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Stop Hating on Percent

Rick Kubina
Dec 4, 2015 12:00:00 AM

I recently attended a conference where one of the speakers apologized for sharing a finding with percent. I will admit that apology surprised me.

Should we apologize for the product generated by multiplication? Do we say “sorry” when we receive the quotient from a division problem?

It seems odd to express regret for math. But here we had a professional doing just that.


Percent simply refers to a notation for hundredths. A percentage applies to the number obtained by finding the percent of another number.

Example 1: I did a random sample and counted 2 people out of 100 have red hair. Therefore, 2% of the people in my sample have red hair. 

Example 2: First grader Sarah spelled 8 words correctly out of 10. Sarah spelled 80% correct words on her spelling test.

Example 3. For the “Biggest loser contest” at work, Mike weighed 220 pounds and lost 20 pounds (final weight 200). Amy weighed 115 pounds and lost 15 pounds (final weight 100 pounds). Mike had a 9% reduction in total weight. However, Amy had a 13% weight reduction and won the contest.


The percentages in the examples above give useful information. No reason at all to apologize for using them. Then why all the fuss? Wait, did I just use “fuss?” (Rick’s mental note, update references and never use “fuss “again, it sounds like I live in the 50s).

Saying "2% of a sample has red hair" quickly communicates a relationship. Namely, 2% tells us we have a small number of people with red hair.

Likewise, Sarah spelling 80% of her words correctly also offers useful information. The percent value quickly and simply conveys size or scale.

A further advantage occurs when examining the Biggest Loser Contest (example 3). If the contest just looked at the absolute amount of weight lost, Mike would have won. But Mike weighed more to start with. Amy losing 13% percent of her weight compared to Mike’s 9% means when comparing relative weight loss, Amy did better.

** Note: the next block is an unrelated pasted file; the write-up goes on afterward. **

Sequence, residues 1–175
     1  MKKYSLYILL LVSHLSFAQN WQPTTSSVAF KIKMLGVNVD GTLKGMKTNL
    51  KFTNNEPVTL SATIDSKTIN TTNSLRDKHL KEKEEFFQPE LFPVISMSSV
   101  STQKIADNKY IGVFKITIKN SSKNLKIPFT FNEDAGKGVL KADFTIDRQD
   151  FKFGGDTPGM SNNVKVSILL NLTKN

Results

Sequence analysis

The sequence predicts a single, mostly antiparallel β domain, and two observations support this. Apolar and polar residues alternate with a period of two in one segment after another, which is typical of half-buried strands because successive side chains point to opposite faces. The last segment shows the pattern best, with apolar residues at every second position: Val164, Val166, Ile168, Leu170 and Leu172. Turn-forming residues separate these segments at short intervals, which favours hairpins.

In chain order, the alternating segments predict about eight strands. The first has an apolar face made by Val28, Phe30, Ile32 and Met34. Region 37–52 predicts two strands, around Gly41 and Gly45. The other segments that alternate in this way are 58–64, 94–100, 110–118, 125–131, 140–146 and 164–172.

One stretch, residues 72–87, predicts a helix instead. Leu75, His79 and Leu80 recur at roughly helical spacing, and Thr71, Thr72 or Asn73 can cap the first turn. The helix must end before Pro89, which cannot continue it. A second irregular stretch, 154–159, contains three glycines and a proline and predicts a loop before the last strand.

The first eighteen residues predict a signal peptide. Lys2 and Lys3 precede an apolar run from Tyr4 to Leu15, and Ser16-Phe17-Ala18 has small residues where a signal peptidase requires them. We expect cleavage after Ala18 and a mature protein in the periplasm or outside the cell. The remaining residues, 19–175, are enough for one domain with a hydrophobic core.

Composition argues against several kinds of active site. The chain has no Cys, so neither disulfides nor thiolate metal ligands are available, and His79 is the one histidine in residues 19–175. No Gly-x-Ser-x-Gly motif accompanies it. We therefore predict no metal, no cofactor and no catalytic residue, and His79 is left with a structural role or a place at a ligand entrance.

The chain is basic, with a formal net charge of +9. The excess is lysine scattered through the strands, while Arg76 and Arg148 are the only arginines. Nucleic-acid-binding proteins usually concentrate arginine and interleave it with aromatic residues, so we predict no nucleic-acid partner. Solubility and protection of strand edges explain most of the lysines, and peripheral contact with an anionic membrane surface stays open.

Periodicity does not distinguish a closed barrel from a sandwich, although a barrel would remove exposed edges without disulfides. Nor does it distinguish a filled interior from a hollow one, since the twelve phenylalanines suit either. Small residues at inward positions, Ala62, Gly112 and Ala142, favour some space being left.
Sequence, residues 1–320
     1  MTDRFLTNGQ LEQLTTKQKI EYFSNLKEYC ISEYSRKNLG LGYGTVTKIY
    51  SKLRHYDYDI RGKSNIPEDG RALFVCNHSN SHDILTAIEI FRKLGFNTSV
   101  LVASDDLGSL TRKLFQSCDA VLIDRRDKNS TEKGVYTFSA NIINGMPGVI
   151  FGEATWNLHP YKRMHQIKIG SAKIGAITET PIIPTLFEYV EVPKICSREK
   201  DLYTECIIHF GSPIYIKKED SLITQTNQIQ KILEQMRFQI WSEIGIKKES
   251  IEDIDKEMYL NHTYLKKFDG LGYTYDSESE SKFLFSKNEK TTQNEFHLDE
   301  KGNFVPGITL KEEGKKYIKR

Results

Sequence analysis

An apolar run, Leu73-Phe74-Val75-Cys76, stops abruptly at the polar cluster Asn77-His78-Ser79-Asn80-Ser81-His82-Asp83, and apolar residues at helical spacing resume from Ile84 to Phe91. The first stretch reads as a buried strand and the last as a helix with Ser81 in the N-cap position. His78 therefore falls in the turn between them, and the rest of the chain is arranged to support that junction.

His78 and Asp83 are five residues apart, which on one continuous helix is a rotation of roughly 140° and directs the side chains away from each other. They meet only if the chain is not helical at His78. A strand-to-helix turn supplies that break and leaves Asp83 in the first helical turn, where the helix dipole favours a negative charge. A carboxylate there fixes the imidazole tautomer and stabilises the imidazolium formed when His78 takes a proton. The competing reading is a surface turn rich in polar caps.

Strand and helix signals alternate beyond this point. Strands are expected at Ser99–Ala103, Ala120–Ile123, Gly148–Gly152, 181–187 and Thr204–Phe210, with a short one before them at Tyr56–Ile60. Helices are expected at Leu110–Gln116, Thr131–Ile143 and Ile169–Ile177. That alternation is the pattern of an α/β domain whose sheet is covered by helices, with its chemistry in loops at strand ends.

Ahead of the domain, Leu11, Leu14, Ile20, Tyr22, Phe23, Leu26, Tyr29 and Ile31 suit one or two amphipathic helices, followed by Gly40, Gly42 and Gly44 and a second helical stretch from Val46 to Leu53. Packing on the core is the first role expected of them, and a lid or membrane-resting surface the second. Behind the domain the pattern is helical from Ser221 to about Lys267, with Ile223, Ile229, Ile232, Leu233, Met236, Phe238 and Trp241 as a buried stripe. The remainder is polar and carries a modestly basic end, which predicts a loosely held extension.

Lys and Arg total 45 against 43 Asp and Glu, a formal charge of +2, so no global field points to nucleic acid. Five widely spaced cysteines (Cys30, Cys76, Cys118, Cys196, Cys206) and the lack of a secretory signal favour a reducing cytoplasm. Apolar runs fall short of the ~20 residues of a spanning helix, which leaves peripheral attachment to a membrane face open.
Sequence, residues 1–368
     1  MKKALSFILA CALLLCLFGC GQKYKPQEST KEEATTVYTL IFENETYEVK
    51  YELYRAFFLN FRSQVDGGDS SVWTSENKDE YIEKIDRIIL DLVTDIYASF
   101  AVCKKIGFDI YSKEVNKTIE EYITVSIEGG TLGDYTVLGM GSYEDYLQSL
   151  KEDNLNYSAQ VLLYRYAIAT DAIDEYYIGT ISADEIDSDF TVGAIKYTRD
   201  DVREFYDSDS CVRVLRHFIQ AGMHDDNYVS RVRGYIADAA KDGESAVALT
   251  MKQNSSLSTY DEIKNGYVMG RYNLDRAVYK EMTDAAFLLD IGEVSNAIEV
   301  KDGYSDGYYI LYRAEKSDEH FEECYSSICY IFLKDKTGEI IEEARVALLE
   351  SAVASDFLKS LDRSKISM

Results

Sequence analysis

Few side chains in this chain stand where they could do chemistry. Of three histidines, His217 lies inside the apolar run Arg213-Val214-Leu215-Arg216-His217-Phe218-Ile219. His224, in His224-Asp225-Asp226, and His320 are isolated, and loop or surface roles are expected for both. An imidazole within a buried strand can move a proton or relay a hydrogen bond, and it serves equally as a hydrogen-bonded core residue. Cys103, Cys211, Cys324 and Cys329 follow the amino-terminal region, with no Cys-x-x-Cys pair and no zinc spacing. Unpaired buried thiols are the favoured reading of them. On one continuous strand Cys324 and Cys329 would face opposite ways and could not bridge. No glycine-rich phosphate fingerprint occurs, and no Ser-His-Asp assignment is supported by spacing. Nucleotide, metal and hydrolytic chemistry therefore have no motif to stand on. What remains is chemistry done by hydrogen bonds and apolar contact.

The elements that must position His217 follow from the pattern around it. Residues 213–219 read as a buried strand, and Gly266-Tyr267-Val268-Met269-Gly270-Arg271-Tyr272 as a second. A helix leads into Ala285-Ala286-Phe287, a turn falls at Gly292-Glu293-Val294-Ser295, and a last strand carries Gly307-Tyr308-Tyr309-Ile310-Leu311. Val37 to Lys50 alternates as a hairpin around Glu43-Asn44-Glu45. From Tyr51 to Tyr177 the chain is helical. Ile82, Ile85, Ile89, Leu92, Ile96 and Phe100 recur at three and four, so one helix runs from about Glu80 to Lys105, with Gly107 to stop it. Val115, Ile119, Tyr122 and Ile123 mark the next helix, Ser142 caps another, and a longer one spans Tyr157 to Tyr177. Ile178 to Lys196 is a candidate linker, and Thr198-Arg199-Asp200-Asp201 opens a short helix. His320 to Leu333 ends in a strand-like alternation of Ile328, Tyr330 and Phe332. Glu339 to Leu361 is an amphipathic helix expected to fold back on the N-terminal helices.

As we have seen, no reason to become upset at the percentages. They do what they do. But at times, percentages can pose problems in certain situations.

The Problem with Percentages for Time-Series Data

In Education and Psychology, many practitioners measure behavior over time (produces time-series data). Time-series analyses involve carefully measuring behavior over a period of time.

Example 1: First grader Sarah spelled 8 questions words correctly out of 10 (80%) on Monday. Tuesday through Friday Sarah had the following percentages: 80%, 70%, 90%, 90%.

Example 2: Fred and Jill want to stop smoking. Fred recorded the following percentage decreases of cigs smoked using a nicotine patch: Monday 10% , Tuesday 12%, Wednesday 13%.

Jill used the cold turkey method (which involved lots of encouragement from her friends). Her reduction for Monday, Tuesday, and Wednesday respectively: 6%, 6%, 8%.

With time-series data, professionals (e.g., teachers, school psychologists, behavior analysts, psychologists) need the most precise information they can bring to bear to understand the effects of intervention on behavior.

Adding information to Sarah’s spelling performance demonstrates a problem. Look at her data in time:

Monday: 8 correct, 2 incorrect in 40 seconds
Tuesday: 8 correct, 2 incorrect in 42 seconds
Wednesday: 7 correct, 3 incorrect in 39 seconds
Thursday: 9 correct, 1 incorrect in 55 seconds
Friday: 9 correct, 1 incorrect in 56 seconds

While Sarah improved her words spelled correctly, she did so at the expense of time. It took Sarah much longer to spell more words correctly. Percentage completely ignores the time element.

If time matters, and it should to everyone serious about behavior change, ignoring how long it takes to perform a behavior will lead to less effective interpretation and subsequent decisions.

What about Fred and Jill? Again we have a problem. Percentage only tells us the size or scale of each measure. We don’t know the difference between how many cigarettes Fred and Jill smoked. If Fred had a pack a week problem whereas Jill smoked a pack a day, Jill’s percentage decrease could dwarf Fred’s in terms of the magnitude of cigarettes not smoked (absolute amount of change). Therefore, how can we know if the nicotine patch or the cold turkey method work better without more precise numbers?


Percentage has its place in the world of math and can help people understand some phenomena with a number. Yet in other situations, such as an intensive analysis of behavior with time-series data, percentage hides important features of behavior change. Understanding when to use percentage and when not to will facilitate a more productive analysis of data. As the famous Psychologist Alfred Adler said, “Mathematics is pure language - the language of science.” Let’s make sure we always speak as clearly as possible!

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